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Judge Rules FBI Must Reveal Malware It Used to Hack Over 1,000 Computers (vice.com)
234 points by 56k on Feb 20, 2016 | hide | past | favorite | 77 comments

The Justice Department contends that the act of viewing a child porn image revictimizes the child each time the view occurs and is the basis for arguing that viewing child porn is not a victimless crime. Yet the FBI seized a server and allows such images to be downloaded and viewed thousands of times over a 2 week period. This would be like seizing the operators of an underground rape dungeon where patrons pay to rape children - and allowing such an establishment to run for 2 extra weeks to catch the patrons, regardless of any collateral damage that occurs to innocent children as a result. People would be up in arms over this. So, does viewing an image of child porn cause additional harm to the child in the image or not? Which is it? (This of course excludes instances where the viewer is paying/supporting production of the material)

It's the FBI -- not just a law enforcement agency but a national security/counter terror agency. For such agencies the Constitution and the laws become vague and flexible. Under color of law, the FBI can essentially do anything they can present a plausible law-enforcement case for.

A few years ago we had a shitsplosion involving the BATF running illegal guns in order to "catch criminals", with the result that few if any criminals were caught and Mexican drug lords found themselves in possession of nifty new guns. AFAIR none of the major decision makers lost their jobs, let alone were prosecuted.

I wonder how much actual law enforcement purpose is behind these ops and how much of it is just a game of "let's see what we can get away with".

The dissonance is accepted in this case because of the repulsive nature of the crimes, as determined by our current social consensus.

Philosophical purity is very appealing, but ultimately the justifications we use for why the law is the way it is only have to stand up long enough to convince most interested parties that we're doing the right thing.

Stated another way, the law is being ignored because these particular criminal defendants' rights don't matter when they're inconvenient, based on the crime(s) they were accused of.

When the law is influenced by societal consensus the legal system becomes a farce.

Well, in this example the rights that are being ignored are not those of the defendants, but those of their victims to not be further victimized.

I think when the law is not influenced by societal consensus it becomes a farce. In many ways the societal consensus on morality is law wheather it maintained by the state, vigilantes or in this case a legal fiction which is some combination of both.

I think this quote by the recently passed Justice Scalia is appropriate here

"the Constitution, or any text, should be interpreted [n]either strictly [n]or sloppily; it should be interpreted reasonably"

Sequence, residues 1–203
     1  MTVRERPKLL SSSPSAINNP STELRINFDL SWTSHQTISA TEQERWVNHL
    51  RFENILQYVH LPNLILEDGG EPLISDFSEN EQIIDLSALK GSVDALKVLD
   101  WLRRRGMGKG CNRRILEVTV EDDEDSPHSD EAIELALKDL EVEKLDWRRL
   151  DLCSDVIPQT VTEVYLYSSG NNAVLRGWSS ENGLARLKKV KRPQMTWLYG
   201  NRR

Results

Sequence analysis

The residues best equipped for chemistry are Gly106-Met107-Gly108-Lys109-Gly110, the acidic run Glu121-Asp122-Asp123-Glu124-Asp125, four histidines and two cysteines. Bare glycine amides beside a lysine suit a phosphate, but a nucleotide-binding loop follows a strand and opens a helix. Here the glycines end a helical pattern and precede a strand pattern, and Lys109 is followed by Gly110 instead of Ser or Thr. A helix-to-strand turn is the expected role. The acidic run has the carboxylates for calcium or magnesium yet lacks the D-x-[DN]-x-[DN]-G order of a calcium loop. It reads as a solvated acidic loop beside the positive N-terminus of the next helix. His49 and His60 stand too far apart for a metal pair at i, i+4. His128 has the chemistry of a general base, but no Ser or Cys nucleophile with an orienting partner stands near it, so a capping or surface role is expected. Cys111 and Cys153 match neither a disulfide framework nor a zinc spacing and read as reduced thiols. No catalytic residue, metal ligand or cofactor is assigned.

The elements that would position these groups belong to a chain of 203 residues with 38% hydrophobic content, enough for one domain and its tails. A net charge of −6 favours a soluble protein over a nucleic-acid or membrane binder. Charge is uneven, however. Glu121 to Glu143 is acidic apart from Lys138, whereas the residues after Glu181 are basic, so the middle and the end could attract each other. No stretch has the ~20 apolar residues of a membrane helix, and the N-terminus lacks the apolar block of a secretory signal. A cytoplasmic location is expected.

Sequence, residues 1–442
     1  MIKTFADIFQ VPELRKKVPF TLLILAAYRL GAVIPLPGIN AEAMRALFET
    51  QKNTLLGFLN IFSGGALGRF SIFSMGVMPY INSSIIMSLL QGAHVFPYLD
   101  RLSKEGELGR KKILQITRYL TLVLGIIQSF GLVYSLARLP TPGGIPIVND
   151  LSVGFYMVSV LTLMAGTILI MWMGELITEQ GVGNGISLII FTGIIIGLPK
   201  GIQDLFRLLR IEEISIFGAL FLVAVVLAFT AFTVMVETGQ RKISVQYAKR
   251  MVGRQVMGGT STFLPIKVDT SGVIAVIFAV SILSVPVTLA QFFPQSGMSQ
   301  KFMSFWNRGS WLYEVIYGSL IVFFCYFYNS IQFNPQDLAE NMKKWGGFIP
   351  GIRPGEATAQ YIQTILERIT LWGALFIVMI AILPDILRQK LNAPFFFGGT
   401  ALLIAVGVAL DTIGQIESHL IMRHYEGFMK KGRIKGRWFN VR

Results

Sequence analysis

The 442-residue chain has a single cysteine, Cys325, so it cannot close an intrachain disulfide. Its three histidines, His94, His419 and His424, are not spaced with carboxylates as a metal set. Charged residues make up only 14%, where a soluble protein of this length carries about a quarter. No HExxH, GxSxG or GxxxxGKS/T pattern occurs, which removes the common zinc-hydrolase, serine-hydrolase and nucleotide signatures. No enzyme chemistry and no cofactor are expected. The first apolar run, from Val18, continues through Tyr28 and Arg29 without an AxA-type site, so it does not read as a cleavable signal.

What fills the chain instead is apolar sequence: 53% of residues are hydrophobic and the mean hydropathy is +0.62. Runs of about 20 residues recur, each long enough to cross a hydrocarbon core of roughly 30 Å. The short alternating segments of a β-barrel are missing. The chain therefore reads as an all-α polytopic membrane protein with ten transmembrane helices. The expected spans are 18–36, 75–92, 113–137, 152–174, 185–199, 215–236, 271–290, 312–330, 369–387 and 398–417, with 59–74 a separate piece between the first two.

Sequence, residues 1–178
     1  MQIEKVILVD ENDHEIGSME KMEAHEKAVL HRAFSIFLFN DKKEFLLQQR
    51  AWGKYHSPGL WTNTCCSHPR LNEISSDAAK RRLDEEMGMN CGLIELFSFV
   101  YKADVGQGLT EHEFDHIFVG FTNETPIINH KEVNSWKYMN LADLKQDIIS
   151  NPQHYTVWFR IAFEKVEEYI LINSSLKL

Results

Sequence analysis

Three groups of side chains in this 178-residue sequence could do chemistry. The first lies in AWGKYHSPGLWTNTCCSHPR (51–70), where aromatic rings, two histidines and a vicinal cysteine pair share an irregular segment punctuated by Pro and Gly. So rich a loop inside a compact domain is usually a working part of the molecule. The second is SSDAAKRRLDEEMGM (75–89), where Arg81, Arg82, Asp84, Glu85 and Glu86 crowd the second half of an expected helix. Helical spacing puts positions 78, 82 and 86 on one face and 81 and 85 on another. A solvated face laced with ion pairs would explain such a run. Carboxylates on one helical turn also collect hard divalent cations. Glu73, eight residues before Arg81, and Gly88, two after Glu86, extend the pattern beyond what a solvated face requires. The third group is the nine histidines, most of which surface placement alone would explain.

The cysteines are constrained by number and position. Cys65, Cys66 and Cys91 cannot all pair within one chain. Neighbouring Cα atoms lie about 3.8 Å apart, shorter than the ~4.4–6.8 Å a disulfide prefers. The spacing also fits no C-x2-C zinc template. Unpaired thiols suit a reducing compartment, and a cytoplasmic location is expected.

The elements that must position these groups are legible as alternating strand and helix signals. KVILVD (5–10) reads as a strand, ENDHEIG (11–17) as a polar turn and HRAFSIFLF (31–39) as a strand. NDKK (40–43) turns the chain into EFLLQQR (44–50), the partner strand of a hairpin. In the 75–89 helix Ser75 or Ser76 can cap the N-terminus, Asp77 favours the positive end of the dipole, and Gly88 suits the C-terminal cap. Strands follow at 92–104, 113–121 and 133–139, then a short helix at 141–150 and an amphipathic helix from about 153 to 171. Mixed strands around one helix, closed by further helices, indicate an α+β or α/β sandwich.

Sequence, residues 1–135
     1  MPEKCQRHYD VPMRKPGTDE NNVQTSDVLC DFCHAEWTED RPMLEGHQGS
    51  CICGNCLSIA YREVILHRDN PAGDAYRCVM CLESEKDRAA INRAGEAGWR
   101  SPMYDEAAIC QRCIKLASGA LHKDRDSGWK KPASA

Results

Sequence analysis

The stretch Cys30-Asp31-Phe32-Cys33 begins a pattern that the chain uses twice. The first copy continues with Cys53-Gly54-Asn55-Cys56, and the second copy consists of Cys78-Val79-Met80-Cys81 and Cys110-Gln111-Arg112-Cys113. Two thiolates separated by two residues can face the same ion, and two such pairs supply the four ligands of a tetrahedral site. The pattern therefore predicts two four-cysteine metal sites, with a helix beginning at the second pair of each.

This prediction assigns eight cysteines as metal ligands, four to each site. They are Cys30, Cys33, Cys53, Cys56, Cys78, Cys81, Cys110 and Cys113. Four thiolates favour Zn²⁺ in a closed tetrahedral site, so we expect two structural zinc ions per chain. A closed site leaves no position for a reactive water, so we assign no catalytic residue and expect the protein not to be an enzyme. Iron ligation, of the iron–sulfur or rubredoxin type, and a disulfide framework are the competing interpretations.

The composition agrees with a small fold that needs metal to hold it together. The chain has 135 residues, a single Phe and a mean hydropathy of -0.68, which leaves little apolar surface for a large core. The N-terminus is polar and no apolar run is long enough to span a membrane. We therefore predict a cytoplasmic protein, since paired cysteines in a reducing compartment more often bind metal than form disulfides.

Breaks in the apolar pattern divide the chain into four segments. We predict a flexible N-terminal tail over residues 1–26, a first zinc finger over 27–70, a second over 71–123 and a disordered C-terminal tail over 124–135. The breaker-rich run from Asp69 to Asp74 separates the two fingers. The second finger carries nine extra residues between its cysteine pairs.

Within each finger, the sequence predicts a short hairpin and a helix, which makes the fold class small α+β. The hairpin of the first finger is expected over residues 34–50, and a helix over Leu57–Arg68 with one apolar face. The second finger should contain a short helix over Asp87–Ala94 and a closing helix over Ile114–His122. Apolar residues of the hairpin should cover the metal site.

The law is Societal Consensus.

Well biologically the person has inherited some genes that function in such a way as to lead to their obsession with young people. At the end of the day this is very much a mental problem that can be remedied with bioengineering. Not much else you can do for these people.

To criminalize it in all of its forms, is the same thing as criminalizing any sexuality. Perhaps one day we'll create an algorithm that can generate these images without anyone being involved -- does that sound distasteful as well.

At this point even artful depictions of a sexual nature are illegal, criminal offense.

Well biologically the person has inherited some genes that function in such a way as to lead to their obsession with younger people.

That includes everyone. Women with the most neotenous traits are considered the most attractive in every human society.

[*] https://en.wikipedia.org/wiki/Neoteny#In_humans

So is that to say that it's completely a choice and so we should treat these people as criminals and simply jail them with harsh sentences if they don't conform to our societal norms?

Has it been proven that Pedophilia is genetic, tho?

Has homosexuality? In general in many of these cases they is definitely some element of OCD involved, as in hoarding millions of images, and the criminal offenses are set up in a way to penalize for each image using the same sort of logic as above. But then that's common for other people with what are considered normal sexual orientations, having a huge porn collection.

I mean the deviant element of this is that it's all so taboo, I mean after all "think of the children" (tm). We should treat it as any other crime and try to do harm reduction.

There was an episode of radiolab or something where a guy had a brain injury and became an obsessive child porn collector. The DA argued that even if he had an illness, if he was cognizant enough to hide his activity from his spouse, he was cognizant enough to seek help instead of continuing his behavior in secret.

If you're looking for consistency in the US legal system you're going to be sorely disappointed

Moreover, if you create a legal system with perfect consistency, you'd going to be astounded by how much injustice it produces.

The law is not a programming language.

One noteworthy bastardization of modern justice is that our right to trial by a jury of our peers has long been infringed.

We are supposed to be judged by people of our approximate age, origin, location, background, etc, to allow for a greater understanding of context.

Random jury selection is an abomination.